Further non-invasive testing depends on the likelihood of the disease, test availability, and center experience. Patient’s ability to perform the test should always be taken into consideration. As mentioned, in patients with the intermediate likelihood of CAD (15–85%), non-invasive testing to confirm or rule-out CAD is of special importance. In this entire group, stress imaging is preferred to the ECG exercise testing, but the imaging methods are especially valuable in subjects in the high-intermediate range (66-85% likelihood of CAD or LV EF<50% without typical angina; class I, level of evidence B), and in those in whom resting ECG abnormalities do not allow to reliably interpret the exercise-induced changes (class I, level of evidence B). Stress echocardiography, CMR, and radionuclide methods (mostly single-photon emission computed tomography [SPECT], but also positron emission tomography [PET]), are potentially useful to prove or disprove the presence of ischemia. If the first imaging test (or the ECG stress test) is not diagnostic, then another imaging test should be performed. Exercise stress is deemed superior to pharmacologic testing when possible (class I, level of evidence C). 
CT angiography, which has a very high negative predictive value, is most useful to rule-out rather than to confirm the diagnosis of CAD.
Hybrid techniques, combining SPECT/CT, PET/CT and PET/CMR are now available at a few specialized centers. These techniques combine the anatomical with functional coronary assessment or provide more objective pathophysiological data. Their role is likely to increase in the future.
It is important to note that imaging also plays an important part in patients with the established stable CAD diagnosis. An imaging stress test should be considered in symptomatic patients with prior revascularization, and in those with intermediate lesions on coronary arteriography (both class IIa, level of evidence B).

Acute coronary syndromes

Patients presenting with ST-segment elevation (STEMI) [2]
Two different time points must be taken into consideration in this clinical setting: at hospital presentation and after the acute phase – preferably before discharge. 
At presentation, patients with STEMI should be directed to the invasive coronary angiography and subsequent primary PCI with no delay (class I, level of evidence A). Echocardiography may assist in making the diagnosis in uncertain cases, but should not delay transfer for angiography (class IIB, level of evidence C).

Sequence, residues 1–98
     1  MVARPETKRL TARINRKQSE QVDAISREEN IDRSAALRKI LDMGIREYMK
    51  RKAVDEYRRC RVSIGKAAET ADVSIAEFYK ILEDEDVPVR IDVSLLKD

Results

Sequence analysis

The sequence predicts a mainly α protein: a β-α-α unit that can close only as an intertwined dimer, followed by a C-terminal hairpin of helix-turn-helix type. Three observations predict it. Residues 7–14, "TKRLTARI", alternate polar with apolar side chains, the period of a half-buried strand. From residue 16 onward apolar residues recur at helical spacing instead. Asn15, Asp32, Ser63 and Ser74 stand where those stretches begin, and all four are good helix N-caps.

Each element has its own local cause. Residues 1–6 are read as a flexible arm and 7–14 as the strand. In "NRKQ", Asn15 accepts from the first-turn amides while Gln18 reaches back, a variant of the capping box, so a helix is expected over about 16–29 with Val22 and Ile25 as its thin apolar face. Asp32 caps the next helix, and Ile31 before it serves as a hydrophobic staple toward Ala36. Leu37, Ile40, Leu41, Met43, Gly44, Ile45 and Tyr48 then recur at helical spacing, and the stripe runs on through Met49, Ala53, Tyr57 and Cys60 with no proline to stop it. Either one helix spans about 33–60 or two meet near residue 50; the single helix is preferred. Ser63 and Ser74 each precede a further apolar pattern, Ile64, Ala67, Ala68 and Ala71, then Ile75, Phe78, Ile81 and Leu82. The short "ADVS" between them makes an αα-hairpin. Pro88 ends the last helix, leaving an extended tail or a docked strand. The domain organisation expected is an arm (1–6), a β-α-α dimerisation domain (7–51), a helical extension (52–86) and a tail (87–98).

After the acute phase, all patients should have a transthoracic echocardiogram performed to assess the infarct size and resting left ventricular function (class I, level of evidence B). If echocardiography is not feasible, CMR may be used as an alternative (class IIB, level of evidence C). 
In patients with multivessel CAD in whom revascularization of other vessels is considered, stress testing or imaging, e.g. using stress perfusion scintigraphy, stress echocardiography, PET or CMR, are indicated for evaluation of residual ischemia and myocardial viability (class I, level of evidence A). 
According to the guidelines, CT angiography has no role in the routine management of STEMI patients (class III, level of evidence C).

Patients presenting without persistent ST-segment elevation (NST-ACS) [3]
In the “rule-in” and “rule-out” algorithm for the NST-ACS, the guidelines rely on the biochemical markers only. It needs to be emphasized however that coronary artery calcium (CAC) evaluation by CT, especially in patients older than 45 years, can be useful in this setting to rule-out the ACS. In these circumstances there is no need for quantification, and therefore, the test can be performed even in patients with arrhythmia, without the ECG gating. If no calcium is present, the diagnosis of an ACS is unlikely, and another etiology for the symptoms needs to be searched for. 
If there is a high suspicion of NSTE-ACS, coronary angiography should be performed, while in those with low to intermediate CAD likelihood, CT angiography should be considered. 
During hospitalization for NSTE-ACS, echocardiography should be performed in all patients. It is useful to identify abnormalities suggestive of myocardial ischemia or necrosis (segmental hypo- or akinesia). Contrast echocardiography and/or strain/strain rate imaging might improve the diagnostic and prognostic value of the conventional echo assessment. Echocardiography may be also useful in identification of the alternative diagnoses, and in diagnosing the patients with hemodynamic instability of suspected cardiac origin.